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Discussion Starter · #1 ·
I have been thinking about a mid range AR caliber. I have a .223 and .458socom already. I am not sure any one of these mid range cartridges can be argued superior based on ballistics alone. What other factors are to be considered?? Which one will still be here and in commercial ammo production 5 or 10 years down the road. Does remington have the edge because of the corporate backing on both the gun and ammo side of things??
 

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I sold my 223's and 450 bushmaster AR's and just went the 308 win AR. Pretty much figure that one AR could do everything that both of those could do and more. Of course I reload and it depends on load and bullet weight. Opened up a lot of cash for other toys and ammo/reloading supplies are sure easy to find. Probably not the answer your looking for, just an idea.
 

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I think the jury is still out on the 6.5mm vs 6.8mm popularity contest. I'm not very familiar with the .30Rem, but as long as it remains a proprietary Remington cartridge, there is little hope for it.

I'm kind of with chipper on this... the 7.62mm/.308 has been doing everything right for quite a few years. That being said, the downside is bulk and weight.

I have an AR lower I'll be building up soon, I still haven't decided which caliber I'm going to go with...
 

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Discussion Starter · #5 ·
I think one or more of these will catch on, enough to stay for a while anyway. There is a lot of marketing dollars being spent and honestly most of the reviews I have read has been positive on these mid range cartridges. As for the 308, nothing wrong with that except that it don't fit in a Ar 15. As you have said Charlie, it is probably still to early to really tell which will take the market share and stick around. I guess a guy just has to pick one and hope he is right at this point.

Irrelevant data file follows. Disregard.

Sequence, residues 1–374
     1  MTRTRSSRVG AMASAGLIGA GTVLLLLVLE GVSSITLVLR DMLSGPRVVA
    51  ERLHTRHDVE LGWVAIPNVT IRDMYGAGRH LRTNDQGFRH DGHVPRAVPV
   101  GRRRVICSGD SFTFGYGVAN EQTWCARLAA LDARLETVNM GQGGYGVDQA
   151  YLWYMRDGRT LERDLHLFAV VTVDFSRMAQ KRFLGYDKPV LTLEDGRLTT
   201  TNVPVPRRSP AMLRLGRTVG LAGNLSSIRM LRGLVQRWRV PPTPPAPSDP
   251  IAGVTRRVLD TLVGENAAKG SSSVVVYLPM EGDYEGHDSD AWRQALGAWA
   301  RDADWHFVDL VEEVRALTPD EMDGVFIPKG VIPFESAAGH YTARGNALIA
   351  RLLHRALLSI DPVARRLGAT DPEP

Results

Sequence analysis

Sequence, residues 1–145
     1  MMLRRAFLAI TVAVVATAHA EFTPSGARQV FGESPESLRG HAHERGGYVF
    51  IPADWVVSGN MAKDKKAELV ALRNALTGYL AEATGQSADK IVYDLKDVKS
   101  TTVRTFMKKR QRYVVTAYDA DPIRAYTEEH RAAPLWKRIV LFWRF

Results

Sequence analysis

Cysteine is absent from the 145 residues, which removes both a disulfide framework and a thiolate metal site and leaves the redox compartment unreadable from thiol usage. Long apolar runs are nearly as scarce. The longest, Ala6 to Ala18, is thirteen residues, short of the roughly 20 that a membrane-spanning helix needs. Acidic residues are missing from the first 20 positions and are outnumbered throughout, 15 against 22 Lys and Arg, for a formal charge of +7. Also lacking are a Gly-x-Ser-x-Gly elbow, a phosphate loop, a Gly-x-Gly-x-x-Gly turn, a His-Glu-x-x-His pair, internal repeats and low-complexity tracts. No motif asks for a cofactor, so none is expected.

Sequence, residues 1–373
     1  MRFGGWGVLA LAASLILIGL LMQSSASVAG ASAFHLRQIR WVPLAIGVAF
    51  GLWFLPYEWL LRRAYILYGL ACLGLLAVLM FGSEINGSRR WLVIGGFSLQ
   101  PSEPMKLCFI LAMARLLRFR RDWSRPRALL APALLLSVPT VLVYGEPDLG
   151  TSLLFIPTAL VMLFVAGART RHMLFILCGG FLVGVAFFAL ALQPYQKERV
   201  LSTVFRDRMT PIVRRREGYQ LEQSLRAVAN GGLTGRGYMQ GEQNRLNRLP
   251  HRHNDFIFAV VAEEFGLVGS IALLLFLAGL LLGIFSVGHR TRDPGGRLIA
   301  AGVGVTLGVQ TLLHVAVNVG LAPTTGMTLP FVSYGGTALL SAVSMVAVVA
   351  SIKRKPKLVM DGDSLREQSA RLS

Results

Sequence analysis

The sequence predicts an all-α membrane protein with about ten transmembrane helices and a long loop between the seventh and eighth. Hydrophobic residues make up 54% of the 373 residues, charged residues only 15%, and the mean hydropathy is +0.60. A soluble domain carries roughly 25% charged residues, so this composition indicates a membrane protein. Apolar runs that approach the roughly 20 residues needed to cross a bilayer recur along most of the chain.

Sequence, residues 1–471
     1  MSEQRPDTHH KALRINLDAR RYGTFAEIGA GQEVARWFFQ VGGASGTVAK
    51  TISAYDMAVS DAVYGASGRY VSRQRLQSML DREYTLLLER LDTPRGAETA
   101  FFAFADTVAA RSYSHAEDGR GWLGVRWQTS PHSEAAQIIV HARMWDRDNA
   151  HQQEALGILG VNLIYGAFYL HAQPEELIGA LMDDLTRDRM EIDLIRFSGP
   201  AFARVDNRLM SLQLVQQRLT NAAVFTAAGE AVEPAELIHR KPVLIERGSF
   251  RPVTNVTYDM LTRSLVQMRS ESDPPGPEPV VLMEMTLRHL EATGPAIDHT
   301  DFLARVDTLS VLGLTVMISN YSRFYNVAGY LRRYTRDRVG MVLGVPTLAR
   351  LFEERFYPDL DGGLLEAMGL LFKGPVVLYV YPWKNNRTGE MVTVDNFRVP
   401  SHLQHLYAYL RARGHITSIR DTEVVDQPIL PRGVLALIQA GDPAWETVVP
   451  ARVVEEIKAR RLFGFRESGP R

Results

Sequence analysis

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Mule man
I went with the 6.8 after deciding I wanted a mid range cartrige that had more umph than the 223 Remington in my AR15. The 6.8 is not without it's drawbacks one being the original chambers (spec 1) were not correct due to Remington submitting incorrect specs. Wich creates pressure spikes in those barrels and limits the 6.8's performance because the ammo needed to be loaded down. However, most barrel makers now use an updated chamber (spec2) and cartige developement is progressing. There are a few different ammo manufactures, Remington being one of them, for the 6.8. Silver state armory being another and they load ammo to higher pressures in their "combat" loads for use in the spec2 chambers. This "mistake" by Remington gave me some pause when I was deciding on what cartrige I wanted. The plus is that the 6.8 was desinged around a carbine lenth barrel which, from what I heard, ment that you get great performance out of a short barrel. The 6.5 grendel being a proprietary cartrige gave me even more pause eventhough claimes of it's excellent balistics intrested me very much.